President Joe Biden has signed an executive order calling for zero-emission vehicles to account for at least half of all new autos sold in the US by 2030, joining a race for electric-car supremacy currently dominated by China.
“The question is whether we’ll lead or fall behind in a race for the future,” Biden said on Thursday before signing the order. “It’s whether we’ll build these vehicles and the batteries that got them to where they are here in the United States.”
Biden noted that China is now leading the electric vehicle (EV) battery industry, boasting 80% of global manufacturing capacity for the power packs, even though much of the technology involved was developed in the US. “There’s no reason why we can’t reclaim that leadership and lead again,” he said. “We just have to move, and we have to move fast.”
The 50% target is a far cry from the 1.8% market share that EVs held in the US auto market last year, but sales in the segment are accelerating. US EV volumes more than tripled from a year earlier in the April-June quarter to 118,000 units, accounting for 2.7% of the overall market.
China already accounts for more than 40% of the global EV market, with 1.29 million units or roughly 6% of all new cars sold in the country in 2020. The International Energy Agency sees China’s EV sales rising to a world-leading 9.61 million units in 2030.
Biden’s order is nonbinding and will necessitate major government investments in charging stations, but he said it will “set into motion an all-out effort” to close the gap with nations that are further along in converting their vehicle fleets and creating EV-related jobs. The $1.2 billion infrastructure bill pending in Congress includes funding for 500,000 charging stations and subsidies for new battery and EV plants.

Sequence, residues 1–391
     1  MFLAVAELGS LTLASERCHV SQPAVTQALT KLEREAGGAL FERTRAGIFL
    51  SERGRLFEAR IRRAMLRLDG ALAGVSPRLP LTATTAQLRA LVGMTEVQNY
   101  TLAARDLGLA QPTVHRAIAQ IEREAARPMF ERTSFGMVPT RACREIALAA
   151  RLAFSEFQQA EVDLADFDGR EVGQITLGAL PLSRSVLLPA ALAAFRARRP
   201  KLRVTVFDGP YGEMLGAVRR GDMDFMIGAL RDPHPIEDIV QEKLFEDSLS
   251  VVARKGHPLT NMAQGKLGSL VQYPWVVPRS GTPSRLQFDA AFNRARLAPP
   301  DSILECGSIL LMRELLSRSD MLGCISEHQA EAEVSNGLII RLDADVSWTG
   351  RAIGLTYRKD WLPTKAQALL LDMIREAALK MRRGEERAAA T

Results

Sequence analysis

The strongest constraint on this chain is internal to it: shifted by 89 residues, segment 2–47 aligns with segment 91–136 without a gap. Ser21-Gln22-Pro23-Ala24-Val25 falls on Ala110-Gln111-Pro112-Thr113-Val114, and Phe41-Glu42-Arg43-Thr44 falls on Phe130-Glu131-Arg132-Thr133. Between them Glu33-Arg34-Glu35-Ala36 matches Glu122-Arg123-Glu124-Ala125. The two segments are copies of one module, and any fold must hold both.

“The rest of the world is moving ahead,” Biden said. “We’ve just got to step up – government, industry, labor working together.”
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The administration also is reversing former President Donald Trump’s rollback of fuel efficiency and emissions standards for conventional vehicles.
US carmakers are apparently on board with the shift to EVs. General Motors, the nation’s biggest automaker, announced plans earlier this year to end sales of gasoline- and diesel-fueled vehicles by 2035 as part of its goal of becoming carbon neutral by 2040.
However, EVs have some environmental drawbacks, such as generating more carbon emissions than conventional cars in the manufacturing process, according to a Massachusetts Institute of Technology study. They also rely on electricity, much of which comes from coal- or natural-gas-fired power plants. However, the study claimed that over time EVs have a smaller overall carbon footprint than cars with internal combustion engines, and the gains will increase as more power is generated by renewable energy sources in the decades ahead.
Biden said EVs are the “future” of the auto industry, and “there’s no turning back.” Catching up with China and other leaders in the EV segment is imperative, headed.
“We’re in competition with China and many other countries for the 21st century,” Biden said. “To win, we’re going to have to make sure the future will be made in America.”
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